All the Government's efforts to cut truancy rates in England's state schools have been to no avail, according to the National Audit Office. Despite an outlay of £885m and threats to jail the parents of persistent truants, truancy levels are unchanged.
Maybe, though, threats and cajoling are not the best way to coax reluctant learners back to class - and providing a vibrant curriculum which is of more interest to them is. There is much anecdotal evidence from schools of "targeted truancy" - pupils skipping their least favourite lesson or least favourite teacher - rather than giving up on education and going home (or worse, to the street corner and a life of petty crime).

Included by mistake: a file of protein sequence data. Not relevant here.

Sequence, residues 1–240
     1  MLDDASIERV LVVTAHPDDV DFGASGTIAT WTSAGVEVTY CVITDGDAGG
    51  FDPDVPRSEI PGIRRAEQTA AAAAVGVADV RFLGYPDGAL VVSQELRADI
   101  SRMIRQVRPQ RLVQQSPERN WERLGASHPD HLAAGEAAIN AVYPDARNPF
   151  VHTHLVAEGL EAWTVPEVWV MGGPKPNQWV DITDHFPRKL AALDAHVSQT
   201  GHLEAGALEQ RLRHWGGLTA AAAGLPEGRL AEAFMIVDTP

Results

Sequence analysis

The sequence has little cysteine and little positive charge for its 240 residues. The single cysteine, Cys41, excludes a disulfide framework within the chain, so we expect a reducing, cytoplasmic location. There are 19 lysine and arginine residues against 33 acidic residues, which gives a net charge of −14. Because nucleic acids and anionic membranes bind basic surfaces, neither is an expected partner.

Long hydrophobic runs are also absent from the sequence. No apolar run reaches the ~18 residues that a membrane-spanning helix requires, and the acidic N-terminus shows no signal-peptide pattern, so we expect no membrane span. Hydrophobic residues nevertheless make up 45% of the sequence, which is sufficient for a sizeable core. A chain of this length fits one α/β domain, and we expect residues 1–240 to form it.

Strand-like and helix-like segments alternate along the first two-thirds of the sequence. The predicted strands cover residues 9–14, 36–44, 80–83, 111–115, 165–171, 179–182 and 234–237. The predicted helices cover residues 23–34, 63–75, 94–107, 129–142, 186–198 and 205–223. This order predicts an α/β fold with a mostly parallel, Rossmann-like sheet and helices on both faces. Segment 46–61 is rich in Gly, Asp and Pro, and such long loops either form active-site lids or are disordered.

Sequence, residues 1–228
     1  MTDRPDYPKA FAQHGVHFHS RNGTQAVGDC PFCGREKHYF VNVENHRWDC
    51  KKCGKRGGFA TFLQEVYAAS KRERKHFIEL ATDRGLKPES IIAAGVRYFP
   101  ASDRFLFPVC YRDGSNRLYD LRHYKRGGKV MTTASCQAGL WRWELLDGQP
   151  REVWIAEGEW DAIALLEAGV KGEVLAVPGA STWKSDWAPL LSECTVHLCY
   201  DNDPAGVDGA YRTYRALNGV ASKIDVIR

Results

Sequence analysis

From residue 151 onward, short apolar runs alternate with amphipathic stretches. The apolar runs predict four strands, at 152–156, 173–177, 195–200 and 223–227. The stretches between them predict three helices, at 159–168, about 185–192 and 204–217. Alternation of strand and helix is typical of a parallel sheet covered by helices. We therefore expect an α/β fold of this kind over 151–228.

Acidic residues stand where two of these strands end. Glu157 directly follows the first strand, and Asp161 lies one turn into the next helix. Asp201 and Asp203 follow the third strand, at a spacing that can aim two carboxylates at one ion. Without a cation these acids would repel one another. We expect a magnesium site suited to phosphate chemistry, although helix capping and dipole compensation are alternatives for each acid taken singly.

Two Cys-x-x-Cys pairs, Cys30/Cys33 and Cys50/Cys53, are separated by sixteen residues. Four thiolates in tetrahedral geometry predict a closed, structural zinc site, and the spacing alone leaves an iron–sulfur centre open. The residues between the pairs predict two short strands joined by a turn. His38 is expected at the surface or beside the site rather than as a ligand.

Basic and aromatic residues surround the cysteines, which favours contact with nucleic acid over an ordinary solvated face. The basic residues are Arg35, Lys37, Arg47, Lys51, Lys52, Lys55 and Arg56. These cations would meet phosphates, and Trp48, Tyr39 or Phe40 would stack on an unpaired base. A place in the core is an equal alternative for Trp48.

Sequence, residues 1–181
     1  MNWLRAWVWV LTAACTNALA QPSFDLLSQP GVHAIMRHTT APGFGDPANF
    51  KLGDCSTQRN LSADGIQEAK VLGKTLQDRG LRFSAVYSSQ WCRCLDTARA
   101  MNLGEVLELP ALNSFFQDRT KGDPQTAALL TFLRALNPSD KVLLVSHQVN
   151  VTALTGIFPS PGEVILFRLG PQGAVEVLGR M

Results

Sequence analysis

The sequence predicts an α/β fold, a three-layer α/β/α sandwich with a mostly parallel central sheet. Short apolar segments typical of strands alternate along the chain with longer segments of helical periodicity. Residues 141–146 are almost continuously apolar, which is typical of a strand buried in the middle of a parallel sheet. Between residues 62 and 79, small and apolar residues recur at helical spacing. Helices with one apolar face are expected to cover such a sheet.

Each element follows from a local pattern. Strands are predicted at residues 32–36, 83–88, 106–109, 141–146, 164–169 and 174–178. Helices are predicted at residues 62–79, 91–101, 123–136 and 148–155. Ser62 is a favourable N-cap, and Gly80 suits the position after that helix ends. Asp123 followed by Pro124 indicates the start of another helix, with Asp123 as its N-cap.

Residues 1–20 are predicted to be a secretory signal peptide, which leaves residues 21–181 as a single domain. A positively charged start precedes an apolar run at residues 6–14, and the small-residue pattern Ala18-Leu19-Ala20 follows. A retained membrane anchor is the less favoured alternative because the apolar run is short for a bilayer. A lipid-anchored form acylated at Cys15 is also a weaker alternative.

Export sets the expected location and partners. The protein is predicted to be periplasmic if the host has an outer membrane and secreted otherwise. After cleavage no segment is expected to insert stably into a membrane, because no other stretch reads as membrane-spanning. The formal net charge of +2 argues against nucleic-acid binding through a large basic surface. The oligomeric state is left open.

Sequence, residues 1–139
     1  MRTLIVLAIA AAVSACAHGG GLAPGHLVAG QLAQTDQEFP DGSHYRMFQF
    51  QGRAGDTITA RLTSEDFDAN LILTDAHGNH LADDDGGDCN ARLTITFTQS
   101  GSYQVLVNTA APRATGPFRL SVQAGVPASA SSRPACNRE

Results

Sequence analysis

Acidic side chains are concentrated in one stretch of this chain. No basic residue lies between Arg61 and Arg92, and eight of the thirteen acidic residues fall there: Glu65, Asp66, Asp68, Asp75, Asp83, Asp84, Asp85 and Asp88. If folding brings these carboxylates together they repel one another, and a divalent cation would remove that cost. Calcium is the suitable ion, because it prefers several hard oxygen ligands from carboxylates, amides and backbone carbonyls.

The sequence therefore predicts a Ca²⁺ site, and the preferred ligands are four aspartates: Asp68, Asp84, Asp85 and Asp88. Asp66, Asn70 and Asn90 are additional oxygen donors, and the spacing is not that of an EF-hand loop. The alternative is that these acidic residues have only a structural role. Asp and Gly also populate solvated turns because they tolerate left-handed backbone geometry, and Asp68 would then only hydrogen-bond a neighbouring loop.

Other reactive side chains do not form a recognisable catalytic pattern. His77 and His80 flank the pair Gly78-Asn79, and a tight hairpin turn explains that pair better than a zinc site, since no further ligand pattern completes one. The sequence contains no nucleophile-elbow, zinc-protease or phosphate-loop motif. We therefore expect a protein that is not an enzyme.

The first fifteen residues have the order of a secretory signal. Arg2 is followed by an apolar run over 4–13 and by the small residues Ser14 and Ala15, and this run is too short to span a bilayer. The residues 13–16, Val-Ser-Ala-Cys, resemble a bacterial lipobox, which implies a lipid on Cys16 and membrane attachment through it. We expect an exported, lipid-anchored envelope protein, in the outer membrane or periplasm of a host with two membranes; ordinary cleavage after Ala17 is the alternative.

Ruth Kelly, the Secretary of State for Education, acknowledged yesterday that in some areas a curriculum offering more vocational education has persuaded youngsters to stay at school.
The threats may look impressive in headlines - which could be why the Government has pursued them for so long. But long-term improvements in the standard of teaching and the range of subjects will look even better if they succeed in bringing the truancy rates down.Reuse content